Memory requests & I/O requests are routed based upon address. In the downstream direction a request is forwarded (or processed) if the address falls within the port's BAR. Upstream forwarding is based upon inverse decode relative to the same BARs. Within a switch each P2P (port) provides separate BAR registers for each of the three address spaces. In order for a port to make a forwarding decision, it must have explicit knowledge of the other ports' BAR ranges.

Thus the initialization and configuration of a PCI Express switch have been described.

With reference to FIGS. 6 to 11, there will now be described examples of a PCI Express switch operable to provide soft device allocation between connected hosts. In some examples, the switch can be operable to be fully compatible with the existing PCI device programming model as seen from the device driver. In some examples, the fabric definition to support a multi-host shared device can be an extension of the existing PCI Express switch model. In some examples, the fabric definition to support a multi-host shared device can be backwards compliant to legacy devices and legacy switches at its endpoints. In some examples, the interoperability of a virtualized switch with designs based on the existing PCI Express packet format and wire protocols can be maximized. In some examples, the existing I/O software framework can be used unmodified with a virtualized switch and a multi-host shared device.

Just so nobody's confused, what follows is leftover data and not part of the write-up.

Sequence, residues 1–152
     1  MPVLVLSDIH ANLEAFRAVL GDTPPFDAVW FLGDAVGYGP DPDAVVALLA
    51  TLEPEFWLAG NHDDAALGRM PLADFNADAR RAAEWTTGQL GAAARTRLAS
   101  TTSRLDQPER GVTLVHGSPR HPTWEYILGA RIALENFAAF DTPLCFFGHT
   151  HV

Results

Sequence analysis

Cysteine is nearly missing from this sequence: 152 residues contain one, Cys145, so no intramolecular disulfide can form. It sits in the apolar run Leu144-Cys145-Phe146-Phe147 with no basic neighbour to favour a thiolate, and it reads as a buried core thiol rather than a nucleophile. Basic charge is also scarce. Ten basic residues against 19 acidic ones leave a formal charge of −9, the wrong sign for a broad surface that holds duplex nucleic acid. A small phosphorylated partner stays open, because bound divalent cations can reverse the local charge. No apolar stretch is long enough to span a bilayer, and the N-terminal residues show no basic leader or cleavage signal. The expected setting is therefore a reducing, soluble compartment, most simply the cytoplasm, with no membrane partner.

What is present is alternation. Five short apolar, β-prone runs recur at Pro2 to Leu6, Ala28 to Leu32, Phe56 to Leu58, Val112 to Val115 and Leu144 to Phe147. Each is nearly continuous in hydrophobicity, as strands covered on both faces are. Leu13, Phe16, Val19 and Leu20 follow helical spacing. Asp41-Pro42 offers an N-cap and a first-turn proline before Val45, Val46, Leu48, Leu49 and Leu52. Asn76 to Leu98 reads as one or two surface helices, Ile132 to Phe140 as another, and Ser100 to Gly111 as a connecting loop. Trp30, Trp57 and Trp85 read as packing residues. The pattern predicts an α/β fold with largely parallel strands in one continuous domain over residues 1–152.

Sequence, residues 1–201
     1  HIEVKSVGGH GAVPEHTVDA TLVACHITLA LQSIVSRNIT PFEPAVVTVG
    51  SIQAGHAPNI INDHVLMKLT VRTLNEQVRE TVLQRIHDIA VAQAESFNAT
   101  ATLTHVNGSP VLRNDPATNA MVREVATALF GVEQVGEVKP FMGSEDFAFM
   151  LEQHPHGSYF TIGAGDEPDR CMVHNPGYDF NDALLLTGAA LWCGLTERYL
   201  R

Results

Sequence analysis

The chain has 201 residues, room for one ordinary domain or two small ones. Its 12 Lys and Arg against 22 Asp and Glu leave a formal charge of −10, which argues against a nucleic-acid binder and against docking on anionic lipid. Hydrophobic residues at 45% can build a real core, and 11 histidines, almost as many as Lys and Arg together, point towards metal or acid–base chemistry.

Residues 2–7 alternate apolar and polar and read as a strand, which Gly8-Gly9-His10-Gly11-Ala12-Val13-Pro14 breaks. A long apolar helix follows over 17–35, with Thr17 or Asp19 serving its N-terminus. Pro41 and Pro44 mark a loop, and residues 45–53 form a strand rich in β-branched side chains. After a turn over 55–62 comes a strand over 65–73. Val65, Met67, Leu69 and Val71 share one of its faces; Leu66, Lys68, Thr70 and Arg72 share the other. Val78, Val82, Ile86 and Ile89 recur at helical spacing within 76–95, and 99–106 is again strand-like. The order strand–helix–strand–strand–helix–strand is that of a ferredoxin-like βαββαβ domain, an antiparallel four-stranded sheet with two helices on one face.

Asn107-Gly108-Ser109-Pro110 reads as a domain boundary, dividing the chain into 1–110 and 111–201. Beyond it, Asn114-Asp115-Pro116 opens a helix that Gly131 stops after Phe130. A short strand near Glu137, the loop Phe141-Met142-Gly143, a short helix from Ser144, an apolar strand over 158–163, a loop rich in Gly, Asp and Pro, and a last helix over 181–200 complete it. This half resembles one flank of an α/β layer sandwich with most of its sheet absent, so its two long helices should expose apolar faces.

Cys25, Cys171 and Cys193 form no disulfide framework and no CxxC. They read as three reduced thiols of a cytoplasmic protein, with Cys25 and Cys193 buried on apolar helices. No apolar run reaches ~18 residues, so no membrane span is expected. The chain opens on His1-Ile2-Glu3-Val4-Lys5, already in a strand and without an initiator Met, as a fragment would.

A first example of a virtualized switch is shown in FIG. 8. FIG. 8 shows a schematic example of a PCI Express switch 60 with two ports configured as upstream ports and four ports configured as downstream ports. In the present examples, any port can be soft-configured as either of an upstream or downstream port. The switch can be configured by a configuration entity into two independent switches which can be considered as virtual switches (vSwitch) 62, 63. A vSwitch 62, 63 of the present example consists of a single upstream port 64, 65 and 66, 67 that provides connection upstream towards the root complex of the PCI-E device hierarchy, and one or more downstream ports 68, 69; 70, 71; 72, 73; and 74, 75. The upstream ports may be connected to different hosts or to different ports of the same host. The configuration entity 61 allocates downstream ports to a vSwitch based on out-of-band policy information. Each vSwitch behaves as a separate PCI Switch. In the present example, the switch in FIG. 8 is partitioned into two independent virtual switches, vSwitch_A 62 and vSwitch_B 63, each having two downstream ports.